*Before I proceed, on Tuesday I will be announcing, with great honour and excitement, the WINNER of the prestigious 2016/2017 ASX Brownlow Medal. The Best and Fairest stock on the market*
Every investor needs their own process to undertaking what the AFL industry refers to as a, "medical". You will be needing quite a few green whistles to alleviate the pain without one, for more than one reason.
Injuries are part of our great game. Luck plays a significant part. They can unfortunately cripple careers and turn players, who would otherwise be great contributors, into liabilities for their football clubs.
The amount of due diligence undertaken by club medical specialists these days is enormous. They want to ascertain whether a future investment is prone to chronic re-occurring injuries. Medical files of parents are studied, especially if they too were athletes, stress tests are undertaken and even surgeons are interviewed. With some sophisticated due diligence, AFL clubs can reduce the probabilities of recruiting a player that who is chronically susceptible to injury. The medial is a screening process.
I introduce to you my own ASX Medical. A process for determining whether a company fundamentally fit and healthy. There's only one place you need to go and that is the company's balance sheet. A balance sheet, also known as a statement of financial position, provides a snapshot of how financially healthy a company is at a specific point in time.
It indicates what the company owns, 'Assets', and what it owes, 'Liabilities'. There are two types of assets. 'Current assets' - assets that can be liquidated within 12 months, and 'non-current assets' - assets that cannot be easily disposed of. There are also 2 types of 'Liabilities'. 'Current liabilities', debt that needs to be paid within 12 months, and 'non-current liabilities', or longer term debt. The difference between a company's assets (current + non-current) and liabilities (current + non-current) is known as shareholder equity.
Some AFL players tend to fail medical examinations due to re-occurring injuries or hereditary reasons, especially if the players parents were athletes. The common denominator among companies that fail the medical is an excessive amount of debt on their balance sheet.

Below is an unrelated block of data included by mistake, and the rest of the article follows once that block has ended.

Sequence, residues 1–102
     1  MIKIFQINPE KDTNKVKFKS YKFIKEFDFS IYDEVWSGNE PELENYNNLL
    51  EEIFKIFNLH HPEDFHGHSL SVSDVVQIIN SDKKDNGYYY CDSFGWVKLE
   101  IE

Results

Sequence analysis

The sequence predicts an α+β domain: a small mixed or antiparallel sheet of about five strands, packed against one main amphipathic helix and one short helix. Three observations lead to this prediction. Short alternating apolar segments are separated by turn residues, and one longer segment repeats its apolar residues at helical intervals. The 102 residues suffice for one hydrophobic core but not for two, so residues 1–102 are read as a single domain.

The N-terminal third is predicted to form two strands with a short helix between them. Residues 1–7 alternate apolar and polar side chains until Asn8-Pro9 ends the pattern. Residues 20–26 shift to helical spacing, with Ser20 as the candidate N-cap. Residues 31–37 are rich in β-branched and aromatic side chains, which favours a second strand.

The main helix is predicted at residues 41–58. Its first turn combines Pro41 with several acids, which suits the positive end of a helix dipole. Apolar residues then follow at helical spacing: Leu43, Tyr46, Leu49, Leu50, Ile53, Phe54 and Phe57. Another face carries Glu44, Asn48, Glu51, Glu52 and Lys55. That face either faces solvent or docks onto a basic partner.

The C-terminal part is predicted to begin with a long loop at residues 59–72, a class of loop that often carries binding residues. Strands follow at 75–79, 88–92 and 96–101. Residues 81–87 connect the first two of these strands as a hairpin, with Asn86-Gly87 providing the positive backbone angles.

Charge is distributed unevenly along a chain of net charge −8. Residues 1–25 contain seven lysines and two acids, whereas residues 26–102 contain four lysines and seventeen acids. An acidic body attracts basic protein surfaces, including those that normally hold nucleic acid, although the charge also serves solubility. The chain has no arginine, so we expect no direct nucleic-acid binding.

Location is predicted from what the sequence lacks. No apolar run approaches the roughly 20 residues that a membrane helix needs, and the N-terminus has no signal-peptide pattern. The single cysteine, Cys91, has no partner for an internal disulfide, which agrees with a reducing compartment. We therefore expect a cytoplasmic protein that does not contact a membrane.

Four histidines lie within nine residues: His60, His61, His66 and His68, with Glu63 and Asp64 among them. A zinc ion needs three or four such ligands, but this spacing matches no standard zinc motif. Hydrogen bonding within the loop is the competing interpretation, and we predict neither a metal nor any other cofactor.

A healthy amount of debt can be a good thing. Debt allows companies to grow and expand their operations a little quicker than what they otherwise would. Too much debt though is a problem. It doesn't leave much of a buffer if the company was to experience slowing revenue or earnings. If you have a mortgage, imagine the stress it would cause if your income dropped 30%.
So what are the financial health ratios to look out for and how much debt is good debt?
Current Ratio - The current ratio measures a company's ability to repay its short-term debt or bills using its short-term assets. Not being able to pay short-term bills, such as an interest repayment, usually leads to trouble. It's calculated by dividing current assets over current liabilities. The higher the figure the better. As a general rule of thumb, a current ratio of 1 or 1.5 shows that the company can meet its short-term debt obligations.
Quick Ratio - This is sometimes known as the 'acid test'. It excludes the dollar value of inventories from the current assets figure, providing an indication of whether the company would meet its short term obligations if there weren't any buyers for their product. Think of it as going through a rigorous fitness test on the eve of the grand final after dislocating your shoulder the previous game, like Mick Malthouse in 1982 who missed out on selection.
Interest Cover - This is expressed as a ratio and illustrates a company's ability to cover the interest payable on its loans from its current earnings. It is calculated by dividing the company's EBIT (Earnings Before Interest and Tax) by the interest payable on loans. The higher the figure the better. An IC ratio of less than 1 indicates a loss-making and unhealthy business. This is particularly relevant for growth stocks, some fall into the rap of growing too aggressively.
Net Debt-to-Equity ratio - this is measured in percentage terms and is a basic measure of how much debt a company has compared to the amount of money it has raised from shareholders. It is calculated using the following formulae: Long term debt / shareholders' equity x 100. For example, a really healthy debt-to-equity ratio is 20%, a company has borrowed $20 for every $100 it has raised from investors.
It's worth noting that some players, like stocks, can suffer severe injuries year after year, and still turn out to be solid investments in the long term. Think Daniel Menzel from Geelong, who after suffering 4 knee reconstructions is now a fantastic contributor. Alex Johnson has recently returned after suffering an unimaginable 5 reconstructions. These are very special types of investments that posses characteristics that not many others have.